Los Angeles County Museum of Art
left: Main Museum Complex, right: LACMA West, photos, ©1999 John Hazeltine
Made in California: Art, Image, and Identity, 1900-2000
Section 1: 1900 - 1920
October 22, 2000 - March 18, 2001
Section 1 of Made in California examines the years 1900 to 1920 and establishes the conceptual foundation for the exhibition. The myths by which California is most often identified formed at this time, as the state's boosters in industry, regional government, and the press promoted California to a largely white middle-class constituency. Section 1 begins on the plaza level of the Hammer Building and includes three media stations, one with period footage of California, another presenting early depictions of California's Latino and Asian communities, and the third featuring a commissioned documentary on Hollywood glamour that serves as a prelude to Section 2, which covers the 1920s and 1930s. This section also features an Arts and Crafts period room. A golden vision of California as an unspoiled paradise dominated the popular consciousness during this period. The arts played a pivotal role in shaping and popularizing this Edenic image. Works such as Moonrise over San Diego Bay (1915) by Maurice Braun offered a welcome antidote to the modern city as Easterners and Midwesterners sought to escape the effects of immigration and industrialization, although California was actually becoming urbanized and industrialized as well. A strong market existed for paintings such as Granville Richard Redmond's California Poppy Field, (n.d.), which depicts wild poppies seemingly forming royal carpets to welcome newcomers to the state. (left: Maurice Braun, Moonrise over San Diego Bay, 1915, oil on canvas, 22 x 28 inches, Collection of Joseph Ambroise, Los Angeles)
At this time, the l9th-century conception of California as rugged, sublime geography was being replaced with images of its agricultural richness. In addition to fine art, popular media such as orange crate labels and postcards were showcasing this bounty, though rarely intimating the labor required to cultivate the natural terrain by a largely immigrant and minority work force. (left: Redlands Orange Growers' Association, Rose Brand Oranges, c. 1910, crate label, 10 x 11 inches, McClelland Collection)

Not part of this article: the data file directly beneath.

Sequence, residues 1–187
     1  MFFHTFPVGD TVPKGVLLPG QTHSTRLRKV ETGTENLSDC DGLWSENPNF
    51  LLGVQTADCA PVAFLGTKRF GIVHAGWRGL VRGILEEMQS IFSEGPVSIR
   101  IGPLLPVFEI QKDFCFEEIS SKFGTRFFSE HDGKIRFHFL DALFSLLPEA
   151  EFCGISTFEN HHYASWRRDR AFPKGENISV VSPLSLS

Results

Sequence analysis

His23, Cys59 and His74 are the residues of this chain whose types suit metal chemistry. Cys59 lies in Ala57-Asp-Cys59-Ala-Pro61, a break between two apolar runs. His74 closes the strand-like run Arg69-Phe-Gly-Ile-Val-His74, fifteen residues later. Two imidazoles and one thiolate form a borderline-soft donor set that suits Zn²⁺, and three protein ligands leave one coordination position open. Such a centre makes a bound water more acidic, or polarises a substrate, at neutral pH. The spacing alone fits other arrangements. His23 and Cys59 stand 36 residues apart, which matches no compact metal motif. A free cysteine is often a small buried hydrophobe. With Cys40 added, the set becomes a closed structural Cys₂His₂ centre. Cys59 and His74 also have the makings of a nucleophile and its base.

Although California was largely promoted in the early part of the century as a haven for whites, the state's official boosters and many of its artists cultivated myths about the region's cultural character. Its Spanish mission history was romanticized in such works as Helen Hunt Jackson's novel Ramona and John McGroarty's Mission Play (1928) which became perhaps California' s most famous theatrical performance of the period. One of the most beloved paintings in the collection of The Bowers Museum of Cultural Art, Confirmation Class, Mission San Juan Capistrano, by Fannie Eliza Duvall is emblematic of artistic interest in the mission mystique from this period.
Also frequently portrayed by boosters and artists at this time were California' s Asian communities, present in the region since the Gold Rush. The famous German photographer Arnold Genthe cast the inhabitants of San Francisco's Chinatown in shadows, creating an unreal sense of mystery, In addition to works of art, the exhibition will display a variety of literature that includes racist flyers disseminated by the Asiatic Exclusion League, as well as travel booklets like Coronado as Seen Through Japanese Eyes.
From early on, California attracted many new residents searching for more holistic, alternative lifestyles. At the beginning of the century, spiritual communities such as the Lomaland Theosophical Colony in San Diego were established, Included in the exhibition will be a ceremonial chair designed by Theosophist Reginald Machell for Lomaland's founder, Katherine Tingley. Exhibition visitors will also see the enigmatic painting Dream of Youth by Mabel Alvarez. (left: Alvin Langdon Coburn, Giant Palm Trees, California Mission, 1911, platinum print 15 7/8 x 12 1/4 inches, Internation Museum of Photography, George Eastman House, Gift of Alvin Langdon Coburn (67.0157:0049) Courtesy George Eastman House)
Many of the myths cultivated about California at this time found expression at two international expositions that occurred in 1915: The Panama Pacific International Exposition in San Francisco, and the Panama California Exposition in San Diego. Both of these fairs will be featured in Made in California with film footage, photographs, brochures, and other souvenirs.
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